“Men, it has been well said, think in herds. It will be seen that they go mad in herds, while they only recover their senses slowly, and one by one.” – Charles Mackay, Extraordinary Popular Delusions and the Madness of Crowds, 1841
In this first part of our Boom or Bust series, we explore the digital gold rush era of cryptocurrencies and Initial Coin Offerings and the securities law-related repercussions emerging therefrom.
Cryptocurrencies have emerged from the depths of obscurity into the public eye, from the bowels of the Reddit underworld into mainstream headlines. Major news outlets are losing their proverbial [expletive] over crypto. World renown celebrities are promoting and endorsing cryptocurrencies as gospel. Hell, even your ordinary, prudent (i.e. “basic”) person is riding the crypto-hype train. Choo! Choo!
The total cryptocurrency market cap ascended above $600B in 2017. Prices of the most notable cryptocurrencies have soared well beyond astronomical heights from beginning to the end of 2017. Bitcoin? 15000%, give or take. Ethereum? About 8000%. Ripple? Upwards of 20000%. These baffling figures have left even the world’s most seasoned poets and quants utterly dumbfounded, yet wholly intrigued.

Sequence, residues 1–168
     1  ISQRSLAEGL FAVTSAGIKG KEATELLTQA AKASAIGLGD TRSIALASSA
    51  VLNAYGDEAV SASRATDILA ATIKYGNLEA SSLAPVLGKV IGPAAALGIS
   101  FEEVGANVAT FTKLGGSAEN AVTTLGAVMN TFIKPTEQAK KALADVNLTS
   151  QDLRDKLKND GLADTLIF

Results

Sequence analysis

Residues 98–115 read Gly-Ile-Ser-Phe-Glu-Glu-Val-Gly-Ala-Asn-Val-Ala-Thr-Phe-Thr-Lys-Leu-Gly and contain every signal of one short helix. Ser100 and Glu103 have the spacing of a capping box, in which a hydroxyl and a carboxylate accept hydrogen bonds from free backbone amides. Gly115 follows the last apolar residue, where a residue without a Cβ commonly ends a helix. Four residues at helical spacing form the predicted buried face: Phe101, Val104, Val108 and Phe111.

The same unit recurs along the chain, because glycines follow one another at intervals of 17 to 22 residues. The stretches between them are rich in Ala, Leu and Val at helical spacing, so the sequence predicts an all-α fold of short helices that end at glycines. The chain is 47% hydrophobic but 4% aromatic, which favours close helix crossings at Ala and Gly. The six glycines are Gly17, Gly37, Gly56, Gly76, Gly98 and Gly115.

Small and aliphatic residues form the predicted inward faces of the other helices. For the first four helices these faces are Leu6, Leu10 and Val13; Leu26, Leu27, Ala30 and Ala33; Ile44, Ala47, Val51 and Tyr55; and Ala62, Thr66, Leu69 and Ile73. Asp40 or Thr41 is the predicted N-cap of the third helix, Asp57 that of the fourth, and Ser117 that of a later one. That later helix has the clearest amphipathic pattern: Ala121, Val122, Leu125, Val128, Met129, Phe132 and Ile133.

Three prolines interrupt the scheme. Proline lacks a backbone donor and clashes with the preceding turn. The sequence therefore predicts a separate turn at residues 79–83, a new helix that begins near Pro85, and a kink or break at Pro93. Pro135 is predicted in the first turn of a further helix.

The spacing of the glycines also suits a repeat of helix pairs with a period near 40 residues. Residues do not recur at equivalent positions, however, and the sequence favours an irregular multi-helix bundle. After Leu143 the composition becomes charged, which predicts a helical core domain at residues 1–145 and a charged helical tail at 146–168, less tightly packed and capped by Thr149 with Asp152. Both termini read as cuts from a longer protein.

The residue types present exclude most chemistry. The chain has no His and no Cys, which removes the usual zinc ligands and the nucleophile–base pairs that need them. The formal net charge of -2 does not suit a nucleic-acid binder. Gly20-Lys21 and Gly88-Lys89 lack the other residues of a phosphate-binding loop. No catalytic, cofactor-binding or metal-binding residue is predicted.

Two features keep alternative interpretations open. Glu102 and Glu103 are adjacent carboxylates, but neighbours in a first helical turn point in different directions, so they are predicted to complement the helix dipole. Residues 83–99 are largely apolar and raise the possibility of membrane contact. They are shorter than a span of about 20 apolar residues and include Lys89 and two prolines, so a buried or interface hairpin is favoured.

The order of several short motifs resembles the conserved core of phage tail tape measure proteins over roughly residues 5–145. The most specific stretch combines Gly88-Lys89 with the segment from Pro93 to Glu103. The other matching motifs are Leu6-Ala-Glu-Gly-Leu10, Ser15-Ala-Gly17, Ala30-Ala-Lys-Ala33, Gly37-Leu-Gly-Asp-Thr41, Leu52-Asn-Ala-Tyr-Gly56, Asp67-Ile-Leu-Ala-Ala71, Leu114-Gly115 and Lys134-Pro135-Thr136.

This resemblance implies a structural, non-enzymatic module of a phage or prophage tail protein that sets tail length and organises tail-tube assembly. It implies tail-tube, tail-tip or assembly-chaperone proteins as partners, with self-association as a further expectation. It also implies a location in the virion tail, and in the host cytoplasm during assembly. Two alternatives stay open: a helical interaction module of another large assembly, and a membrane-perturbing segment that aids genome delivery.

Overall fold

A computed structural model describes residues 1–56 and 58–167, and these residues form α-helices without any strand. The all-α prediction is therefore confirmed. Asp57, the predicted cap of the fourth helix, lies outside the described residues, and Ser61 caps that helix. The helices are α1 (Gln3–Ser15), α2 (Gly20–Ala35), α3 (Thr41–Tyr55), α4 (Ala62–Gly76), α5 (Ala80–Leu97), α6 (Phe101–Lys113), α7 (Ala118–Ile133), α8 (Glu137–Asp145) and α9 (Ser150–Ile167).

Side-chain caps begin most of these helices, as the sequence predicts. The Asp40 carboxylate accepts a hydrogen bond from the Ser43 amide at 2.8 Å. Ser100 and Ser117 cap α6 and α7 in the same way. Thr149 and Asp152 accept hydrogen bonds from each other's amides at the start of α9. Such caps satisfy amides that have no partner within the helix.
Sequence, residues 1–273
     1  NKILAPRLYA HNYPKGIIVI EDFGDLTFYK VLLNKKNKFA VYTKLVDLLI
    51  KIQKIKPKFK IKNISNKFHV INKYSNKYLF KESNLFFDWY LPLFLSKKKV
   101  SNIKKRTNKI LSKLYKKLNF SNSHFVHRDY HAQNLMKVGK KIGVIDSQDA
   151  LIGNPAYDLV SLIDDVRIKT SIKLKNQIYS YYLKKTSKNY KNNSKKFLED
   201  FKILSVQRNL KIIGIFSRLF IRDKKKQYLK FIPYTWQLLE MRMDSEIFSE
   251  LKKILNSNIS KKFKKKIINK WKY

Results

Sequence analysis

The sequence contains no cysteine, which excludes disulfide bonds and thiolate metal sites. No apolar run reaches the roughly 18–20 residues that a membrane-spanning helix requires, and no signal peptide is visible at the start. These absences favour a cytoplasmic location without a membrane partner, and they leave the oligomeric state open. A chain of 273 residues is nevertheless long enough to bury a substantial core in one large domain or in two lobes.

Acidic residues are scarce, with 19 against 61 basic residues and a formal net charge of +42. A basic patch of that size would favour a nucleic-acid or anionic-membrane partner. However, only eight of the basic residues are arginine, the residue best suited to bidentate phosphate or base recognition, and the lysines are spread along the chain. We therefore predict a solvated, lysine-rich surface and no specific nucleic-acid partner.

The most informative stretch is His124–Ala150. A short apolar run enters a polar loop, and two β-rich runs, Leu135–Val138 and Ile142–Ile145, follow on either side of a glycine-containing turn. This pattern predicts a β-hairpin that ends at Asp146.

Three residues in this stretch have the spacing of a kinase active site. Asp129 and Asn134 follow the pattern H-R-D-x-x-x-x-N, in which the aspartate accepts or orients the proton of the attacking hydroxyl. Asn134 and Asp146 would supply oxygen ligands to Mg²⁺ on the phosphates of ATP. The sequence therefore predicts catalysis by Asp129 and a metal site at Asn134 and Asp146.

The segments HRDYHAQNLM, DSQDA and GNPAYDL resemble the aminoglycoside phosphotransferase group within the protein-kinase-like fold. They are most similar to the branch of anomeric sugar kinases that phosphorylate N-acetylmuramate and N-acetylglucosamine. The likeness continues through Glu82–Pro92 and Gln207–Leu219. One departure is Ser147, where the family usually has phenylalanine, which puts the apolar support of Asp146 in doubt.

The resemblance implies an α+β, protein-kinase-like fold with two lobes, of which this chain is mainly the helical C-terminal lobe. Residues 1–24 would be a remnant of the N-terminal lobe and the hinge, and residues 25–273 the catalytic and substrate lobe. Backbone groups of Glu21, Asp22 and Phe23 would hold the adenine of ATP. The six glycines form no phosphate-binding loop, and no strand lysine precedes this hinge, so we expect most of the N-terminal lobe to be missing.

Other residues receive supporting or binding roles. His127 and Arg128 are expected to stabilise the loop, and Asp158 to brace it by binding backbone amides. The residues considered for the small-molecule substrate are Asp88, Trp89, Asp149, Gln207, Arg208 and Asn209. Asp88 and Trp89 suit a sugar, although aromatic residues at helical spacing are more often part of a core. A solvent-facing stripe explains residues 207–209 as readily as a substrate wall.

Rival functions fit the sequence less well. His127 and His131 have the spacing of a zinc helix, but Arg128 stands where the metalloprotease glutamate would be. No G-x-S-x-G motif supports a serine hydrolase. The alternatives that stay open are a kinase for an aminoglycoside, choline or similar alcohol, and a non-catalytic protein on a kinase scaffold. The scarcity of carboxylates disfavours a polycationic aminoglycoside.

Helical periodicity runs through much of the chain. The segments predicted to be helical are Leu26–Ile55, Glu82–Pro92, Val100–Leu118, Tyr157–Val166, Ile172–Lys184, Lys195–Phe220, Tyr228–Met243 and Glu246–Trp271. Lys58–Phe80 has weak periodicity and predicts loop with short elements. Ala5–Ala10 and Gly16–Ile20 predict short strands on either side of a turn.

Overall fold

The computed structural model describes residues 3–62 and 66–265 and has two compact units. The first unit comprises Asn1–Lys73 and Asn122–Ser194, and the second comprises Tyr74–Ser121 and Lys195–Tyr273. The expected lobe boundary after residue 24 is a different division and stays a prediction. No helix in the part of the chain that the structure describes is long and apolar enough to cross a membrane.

The sudden and exponential rise in cryptocurrency popularity sparked considerable interest in blockchain – the technology underlying cryptocurrencies. The surge in blockchain enthusiasm has opened the floodgates for a torrent of Initial Coin Offerings (ICOs).
An ICO is a crowdfunding method that allows a company (many of which are blockchain-based) to raise capital online by selling “tokens” in exchange for legal tender or cryptocurrency. Tokens function as digital assets that are transacted via smart contracts on a blockchain.
If you’re somewhat dazed and confused at this point, read this before proceeding.
In 2017, companies raised upwards of $6B via ICOs. Early-stage VC funding paled in comparison. ICOs allow fledgling startups to raise a ton of money with alarming rapidity. One ICO raised $35M in a mere 30 seconds. In the time that it takes Alexa to explain to us what an Initial Coin Offering is, you would have already missed out on that $35M ICO.
However… Not all that glitters is gold.